On the nightstand

Book Blog

December 3, 2017

Cool Japan Guide (Review)

ought this one for the wife, a sort of statement of intent thing for our trip next year to Japan (which I want to do cold in Tokyo and she wants to do prepped on a tour. So yes, still sorting out things). But it’s a very interesting approach to trip-planning, a girlish comic book of traveling to Japan, all filled with bright burn-your-eyes-out color and girlish comics of all the things you’ll need to know. Look, it’s not Fodars, but it’s a lot of fun. So Abby’s been to Japan lots. Of course she has – she’s young and […]
November 26, 2017

Tom Jones (Review)

ix weeks. That’s how long it took me to get through this thing. Six weeks. 874 pages of tight, olde-english text. My literary albatross. So this classic is not what you’d expect a classic to be. It’s like falling in love with a substance abuser, a love-hate relationship. And it’s massive and sprawling, but also repetitive and editorial. But what (or, better yet, who) is Tom Jones. Tom is the son of unknown parents, smuggled into the bed of Mr. Allworthy, local landowner and (as his name implies) a just and charitable man. Well, up to the point where he […]
November 19, 2017

Patriots (Review)

haven’t read David Drake in a while – not seriously since college and his Hammer’s Slammers break out novels. And here we have another one written in 1996 (which is more than twenty years ago, a fact that continues to surprise me). Saw this in a used book store and figured why not. So this story is a thinly veiled allegory (so I’m told) of the Revolutionary War, and what took place in Vermont with Ethan Allen (whom I knew just from the PR he gets in America and if it’s anything like what Sam Adams got, then yes, it’s […]
November 12, 2017

Utah Blaine (Review)

amilies have dark secrets. My sister likes romance novels. Me, I love an occasional Louis L’Amour western. It’s all wide open spaces and honest heroes who have to fight against massed opposition for the sake of good and right (rather like my own life, seems to me). L’Amour can hold an audience; that’s been proven around the world. So the hero with his cool name, Utah Blaine, is on the run after springing himself from a Mexican jail (for attempting to help a revolution). He’s moving north, back into the states, on foot, without a gun. Then one night he […]
October 29, 2017

Stone Lake (Review)

tone Lake was an odd book sent to me by a friend (you want to challenge me, Boy? Think you can send me books and not get ones in return? Well, we’ll see about that). When I first got it, I frowned at the cover, frowned at the back, and thought “Why is this guy sending me chick-lit?” So Jon (See, chick-lit) is a dude who lost his company to his shitty best friend. Most of his time is spent working for free. Most of his money goes to his blubbery lazy mom. He’s divorced – and his ex hooked […]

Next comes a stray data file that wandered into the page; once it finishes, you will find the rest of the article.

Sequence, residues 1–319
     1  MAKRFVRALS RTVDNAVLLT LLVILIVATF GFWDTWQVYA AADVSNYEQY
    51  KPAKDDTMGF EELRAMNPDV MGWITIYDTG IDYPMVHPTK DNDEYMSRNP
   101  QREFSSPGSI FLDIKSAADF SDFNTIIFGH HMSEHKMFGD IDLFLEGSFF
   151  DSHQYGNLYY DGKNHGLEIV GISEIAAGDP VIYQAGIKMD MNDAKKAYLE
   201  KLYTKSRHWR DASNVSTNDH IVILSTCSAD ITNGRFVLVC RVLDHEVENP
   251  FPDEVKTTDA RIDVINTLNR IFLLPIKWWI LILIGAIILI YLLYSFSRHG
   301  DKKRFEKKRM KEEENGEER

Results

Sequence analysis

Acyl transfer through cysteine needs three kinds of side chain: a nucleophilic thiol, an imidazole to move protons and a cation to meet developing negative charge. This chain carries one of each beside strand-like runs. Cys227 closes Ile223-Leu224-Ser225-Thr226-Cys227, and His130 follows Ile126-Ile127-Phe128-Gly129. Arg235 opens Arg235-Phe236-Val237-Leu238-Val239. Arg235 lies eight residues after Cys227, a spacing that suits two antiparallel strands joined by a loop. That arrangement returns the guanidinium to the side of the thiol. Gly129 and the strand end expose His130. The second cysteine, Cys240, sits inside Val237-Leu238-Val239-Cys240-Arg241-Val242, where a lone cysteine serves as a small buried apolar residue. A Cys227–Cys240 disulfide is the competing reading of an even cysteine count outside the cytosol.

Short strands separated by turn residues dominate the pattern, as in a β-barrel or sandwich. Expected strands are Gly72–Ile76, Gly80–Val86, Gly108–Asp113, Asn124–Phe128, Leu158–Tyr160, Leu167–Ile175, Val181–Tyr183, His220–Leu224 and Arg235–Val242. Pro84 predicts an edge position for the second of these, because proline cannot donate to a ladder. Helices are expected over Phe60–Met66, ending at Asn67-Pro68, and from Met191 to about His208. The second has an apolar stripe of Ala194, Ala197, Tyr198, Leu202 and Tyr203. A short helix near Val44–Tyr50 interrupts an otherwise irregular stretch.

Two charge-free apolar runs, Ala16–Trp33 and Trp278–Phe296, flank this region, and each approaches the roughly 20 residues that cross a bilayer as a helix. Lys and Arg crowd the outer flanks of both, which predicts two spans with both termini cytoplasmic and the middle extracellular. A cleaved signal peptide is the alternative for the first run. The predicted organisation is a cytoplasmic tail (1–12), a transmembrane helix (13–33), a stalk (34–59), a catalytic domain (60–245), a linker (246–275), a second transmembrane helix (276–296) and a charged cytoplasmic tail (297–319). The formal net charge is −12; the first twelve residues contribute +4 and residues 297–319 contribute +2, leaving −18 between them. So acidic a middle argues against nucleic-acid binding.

October 22, 2017

Pygmy (Review)

ll the Cedar family knows is that they have, at the urging of their church, adapted a young boy from a third world country, one that they wish to share the blessings of American culture and consumption with. This family is pretty screwed up, with the son a moraless turd and the daughter sniffing solder fumes, mom burning every battery in the house in her vibrator and dad just oblivious to it all. They’ve even renamed him “Pygmy” without the slightest thought or hesitation. All Agent Number 67 knows is that he’s succeeded in being imbedded (along with several fellow […]
October 16, 2017

He gave me Barn Cats (Review)

met Maria Santomasso-Hyde in her art gallery in the middle of nowhere. Beautiful art, all sorts of country paintings. But then we got to talking. We’re both writers. We’ve both lost cats. Then she mentioned she had a book she was selling off a stack to one side, an autobiographical work she’s put together. Of course, I almost always buy such things – you gotta help those as hungry as you, right? Maria’s deal is that she’s very Christian and very loving, so when she went through a year where she lost nine loved ones (her mom, her loyal dog, […]
October 8, 2017

How to be happy (Review)

o, I didn’t get this because I was depressed about my cat’s passing (well, maybe a little). Titled as above, and subtitled as Not a Self-Help Book, Seriously), it intrigued me. The cover shows a hand holding a wick of sorts, which turns out to be the light (we find) that surgeons on night-shrouded battlefields and inside shot-ravaged frigates used to illuminate their patients. It’s a desperate form of healing illumination – fitting. So inside this curious book, we see a dedication to a bunch of people “but not Sandra”, and the statement (which I love) – “On day, if […]
October 1, 2017

Alive Day (Review)

his was our drive-home cut from the aforementioned Four Summoner’s Tales, an interesting piece about a strange special ops group, kinda a combination of Seal Team Six and Ghostbusters. It was a good closeout to the set. This is an existing character from an existing series, but that’s okay – you can pick up the characters pretty quick in this novella. The writing is that Hooyah style, all weapon descriptions and “bad guys” and buff, haunted yet caring heroes (not that there is anything wrong with that). The author carries it well – it’s authentic and enjoyable. Kick ass! Turns […]
September 24, 2017

A Bad Season for Necromancy (Review)

ach of the stories of the Four Summoner’s Tales gets better than the proceeding one, just wilder and more edgy. First we had the story about the frontier Canadian town where children lost to a sickness could be brought back to life, but at an awful cost. Then we had the one about the Texas rancher, part of a community raided by the cartel, who could get his daughter back but only if she was used as part of a literal army of the dead, thrown against the cartel’s headquarters just over in Mexico. And now, it’s this one. Strange, […]